Surrounded by clear water, the Jade Flowery Islet covers an area of nearly 7 hectares. Legend has it that jade ﬂowers grew on the precious trees on the Penglai celestial island. Supposedly, anyone who ate such ﬂowers would be forever young. The island here, as a result, was modeled after the legendary fairyland. Within this imposing palace garden, the central axis of the Jade Flowery Islet is aligned with that of the highest peak, creating a picturesque view, and forming a focus for the landscape that runs along its length. Artiﬁcial structures rise on the gentle southern slope while
Fig. 163 Bird' s eye view of Beihai Park, dominated by the White Tower. Fig. 164 A statue of an immortal holding aloft a tray for catching dew, from the legend of Emperor Han Wu (141–86 B.C.).
Highlights of Classical Chinese Gardens
The Summer Palace
Situated in the northwest outskirts of Beijing, the Summer Palace was formerly named the Garden of Clear Ripples (Qingyi Garden). Its construction took 15 years and cost more than 4 million taels of silver. When completed, the Garden of Clear Ripples linked the four neighboring gardens together into an expansive garden belt that stretched over 20 kilometers (12 miles). Clear Ripples is considered one of the ﬁnest gardens to make the best use of natural landscapes. In his Postscript to the Old Summer Palace, Emperor Qianlong thought so highly of his summer residence that he decreed no more gardens should be built thereafter. But later he changed his mind—with two high-sounding excuses: one was the imperative need to reconstruct the river system in the northwestern suburbs; the other was the need to prepare a special birthday gift for his mother. As a result, the original West Lake was substantially enlarged, and the vast quantity of earth removed in the process of enlargement was piled up upon nearby hills. A causeway was also built to divide the lake into three sections, each with an island in the middle to follow the architectural principle of “one pool and three hills.” Notably, however, the new palace essentially retained the original layout of the Garden of Clear Ripples. Such extensive construction, not surprisingly, had much to do with the reigning emperor himself. Qianlong would never tour South China without visiting or staying in famous gardens. Moreover, he would order the court artists to paint these gardens for his own reference, and the Garden of Clear Ripples was, naturally enough, the culmination of his consistent and deep interest. Covering an area of 279 hectares, Qianlong’s garden was imposingly majestic, deﬁnitely a cut above those private gardens that condensed the world into a small space. Among the various architectural forms were temples, precincts, shopping streets, bridges, wharfs, pavilions, terraces, storied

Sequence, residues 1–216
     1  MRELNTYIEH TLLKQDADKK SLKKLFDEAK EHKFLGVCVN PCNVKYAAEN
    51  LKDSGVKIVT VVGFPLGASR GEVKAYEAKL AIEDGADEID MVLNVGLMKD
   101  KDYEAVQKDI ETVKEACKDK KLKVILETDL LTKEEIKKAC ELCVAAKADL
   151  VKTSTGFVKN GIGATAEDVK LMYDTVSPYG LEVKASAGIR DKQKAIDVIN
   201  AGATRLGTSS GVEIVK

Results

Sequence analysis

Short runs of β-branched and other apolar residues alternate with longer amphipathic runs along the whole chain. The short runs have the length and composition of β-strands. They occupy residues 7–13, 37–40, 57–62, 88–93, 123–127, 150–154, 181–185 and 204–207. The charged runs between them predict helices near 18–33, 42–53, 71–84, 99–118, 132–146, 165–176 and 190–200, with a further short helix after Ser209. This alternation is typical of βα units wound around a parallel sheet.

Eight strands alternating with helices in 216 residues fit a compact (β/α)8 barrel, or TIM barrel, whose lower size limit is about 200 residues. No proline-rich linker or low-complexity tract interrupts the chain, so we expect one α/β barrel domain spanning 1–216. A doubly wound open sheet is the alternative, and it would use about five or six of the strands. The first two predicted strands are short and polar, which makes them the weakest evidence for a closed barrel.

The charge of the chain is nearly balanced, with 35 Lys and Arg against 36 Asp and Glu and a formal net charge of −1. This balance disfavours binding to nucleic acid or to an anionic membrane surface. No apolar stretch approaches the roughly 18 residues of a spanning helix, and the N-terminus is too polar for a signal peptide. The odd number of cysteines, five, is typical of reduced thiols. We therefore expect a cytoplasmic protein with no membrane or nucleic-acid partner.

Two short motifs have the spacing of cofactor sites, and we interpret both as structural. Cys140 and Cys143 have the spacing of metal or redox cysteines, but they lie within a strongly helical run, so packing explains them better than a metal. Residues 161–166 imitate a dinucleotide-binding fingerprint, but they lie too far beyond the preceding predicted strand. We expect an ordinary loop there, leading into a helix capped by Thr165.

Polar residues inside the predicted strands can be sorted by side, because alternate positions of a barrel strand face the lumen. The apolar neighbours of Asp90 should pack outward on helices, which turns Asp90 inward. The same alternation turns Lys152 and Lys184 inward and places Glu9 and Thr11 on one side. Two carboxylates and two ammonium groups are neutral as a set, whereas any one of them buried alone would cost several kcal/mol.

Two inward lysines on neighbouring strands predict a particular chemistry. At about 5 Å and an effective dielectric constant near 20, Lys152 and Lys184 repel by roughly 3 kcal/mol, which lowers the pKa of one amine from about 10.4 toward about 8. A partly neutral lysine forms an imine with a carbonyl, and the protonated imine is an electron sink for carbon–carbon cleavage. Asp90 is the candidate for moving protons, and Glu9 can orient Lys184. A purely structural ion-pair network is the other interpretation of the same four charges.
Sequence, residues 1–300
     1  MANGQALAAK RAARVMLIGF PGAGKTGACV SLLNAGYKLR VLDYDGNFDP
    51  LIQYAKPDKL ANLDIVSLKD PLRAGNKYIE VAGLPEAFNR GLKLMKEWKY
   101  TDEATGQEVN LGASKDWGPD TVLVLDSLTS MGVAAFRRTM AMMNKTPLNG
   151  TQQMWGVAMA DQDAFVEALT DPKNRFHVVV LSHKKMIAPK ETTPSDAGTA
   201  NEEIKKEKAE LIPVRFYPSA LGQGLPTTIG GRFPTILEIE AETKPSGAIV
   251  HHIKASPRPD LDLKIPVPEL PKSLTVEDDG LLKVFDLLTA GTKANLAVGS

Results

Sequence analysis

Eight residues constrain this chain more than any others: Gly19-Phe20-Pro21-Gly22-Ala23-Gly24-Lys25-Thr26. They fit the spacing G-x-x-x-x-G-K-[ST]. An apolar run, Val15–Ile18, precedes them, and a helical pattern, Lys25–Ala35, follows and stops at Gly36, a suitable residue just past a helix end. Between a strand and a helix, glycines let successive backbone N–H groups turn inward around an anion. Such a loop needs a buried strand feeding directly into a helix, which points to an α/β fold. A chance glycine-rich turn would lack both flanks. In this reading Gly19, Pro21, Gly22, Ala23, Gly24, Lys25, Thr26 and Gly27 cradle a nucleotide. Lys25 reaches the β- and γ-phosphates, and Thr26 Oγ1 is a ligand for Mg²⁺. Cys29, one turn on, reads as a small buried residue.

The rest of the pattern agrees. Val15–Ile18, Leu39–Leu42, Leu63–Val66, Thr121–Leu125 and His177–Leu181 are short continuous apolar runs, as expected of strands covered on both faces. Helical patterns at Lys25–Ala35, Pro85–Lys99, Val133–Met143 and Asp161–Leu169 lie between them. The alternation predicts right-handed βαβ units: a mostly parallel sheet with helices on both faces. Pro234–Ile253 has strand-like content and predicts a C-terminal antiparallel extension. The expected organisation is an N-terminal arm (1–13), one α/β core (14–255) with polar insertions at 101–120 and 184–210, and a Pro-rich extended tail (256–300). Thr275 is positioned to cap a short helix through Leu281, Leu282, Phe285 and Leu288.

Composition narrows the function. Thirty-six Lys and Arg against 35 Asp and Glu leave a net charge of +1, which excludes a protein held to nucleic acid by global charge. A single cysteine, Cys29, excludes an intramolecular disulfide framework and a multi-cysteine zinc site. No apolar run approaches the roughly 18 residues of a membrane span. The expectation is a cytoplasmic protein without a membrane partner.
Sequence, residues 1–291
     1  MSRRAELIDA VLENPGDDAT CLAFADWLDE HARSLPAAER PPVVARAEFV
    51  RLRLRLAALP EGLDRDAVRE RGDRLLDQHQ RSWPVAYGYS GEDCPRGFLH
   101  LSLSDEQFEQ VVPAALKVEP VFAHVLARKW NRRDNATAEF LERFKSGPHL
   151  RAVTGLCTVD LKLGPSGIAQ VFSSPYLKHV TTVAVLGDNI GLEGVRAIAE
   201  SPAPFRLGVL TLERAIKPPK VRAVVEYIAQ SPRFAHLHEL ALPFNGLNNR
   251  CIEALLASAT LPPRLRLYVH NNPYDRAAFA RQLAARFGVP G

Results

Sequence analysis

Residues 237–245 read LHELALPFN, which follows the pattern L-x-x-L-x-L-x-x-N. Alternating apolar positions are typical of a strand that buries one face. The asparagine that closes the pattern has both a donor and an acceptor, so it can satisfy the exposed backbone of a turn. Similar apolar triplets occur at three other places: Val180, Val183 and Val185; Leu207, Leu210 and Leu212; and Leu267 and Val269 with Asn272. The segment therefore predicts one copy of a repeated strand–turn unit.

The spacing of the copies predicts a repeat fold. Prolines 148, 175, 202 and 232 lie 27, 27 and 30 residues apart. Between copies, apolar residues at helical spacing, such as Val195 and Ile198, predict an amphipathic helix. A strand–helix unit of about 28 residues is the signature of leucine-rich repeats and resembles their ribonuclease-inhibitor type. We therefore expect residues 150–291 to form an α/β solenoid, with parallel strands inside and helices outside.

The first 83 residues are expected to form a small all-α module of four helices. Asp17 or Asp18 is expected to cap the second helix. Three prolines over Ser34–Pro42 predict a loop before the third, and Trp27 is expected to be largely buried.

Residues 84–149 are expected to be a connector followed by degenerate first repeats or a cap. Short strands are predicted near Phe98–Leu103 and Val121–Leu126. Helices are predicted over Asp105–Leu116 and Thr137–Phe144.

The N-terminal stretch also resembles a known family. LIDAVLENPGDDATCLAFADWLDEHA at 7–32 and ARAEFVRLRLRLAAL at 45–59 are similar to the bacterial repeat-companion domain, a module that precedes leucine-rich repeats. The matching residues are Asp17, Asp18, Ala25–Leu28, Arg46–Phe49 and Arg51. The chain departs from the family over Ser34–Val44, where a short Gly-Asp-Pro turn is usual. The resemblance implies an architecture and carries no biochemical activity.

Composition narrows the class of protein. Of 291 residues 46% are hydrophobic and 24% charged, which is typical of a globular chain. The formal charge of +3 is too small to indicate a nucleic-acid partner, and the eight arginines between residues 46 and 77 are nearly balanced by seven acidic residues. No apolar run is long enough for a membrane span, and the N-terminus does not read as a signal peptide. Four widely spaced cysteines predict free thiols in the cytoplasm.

buildings, pagodas, and towers that suggested famous mountains. In addition, the planning of the Garden of Clear Ripples focused on achieving an overall environment of “three mountains and ﬁve gardens,” rather than just the palace complex itself. To maintain the landscape integrity, the west bank of the lake was free from palace walls, thus enabling people in the garden to enjoy views of the countryside and the beautiful Garden of Tranquility and Brightness (Jingming Garden). A masterful plan indeed! Basically, the entire garden can be divided into three sections: the court area, the frontal aspect of the hill facing the lake, and the rear aspect of the hill looking out on the lake. Located to the east of Longevity Hill, the court area can be further divided into the outer and inner court. The outer court contains the Gateway and Palace of Benevolence and Longevity as well as the subsidiary buildings. The inner court, west of the outer court, was the imperial residence, including
Fig. 171 Bird's eye view of the Front Hill of the Summer Palace. Fig. 172 The Seventeen Arch Bridge connecting the South Lake Island and the east bank.
Highlights of Classical Chinese Gardens
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Great Gardens of China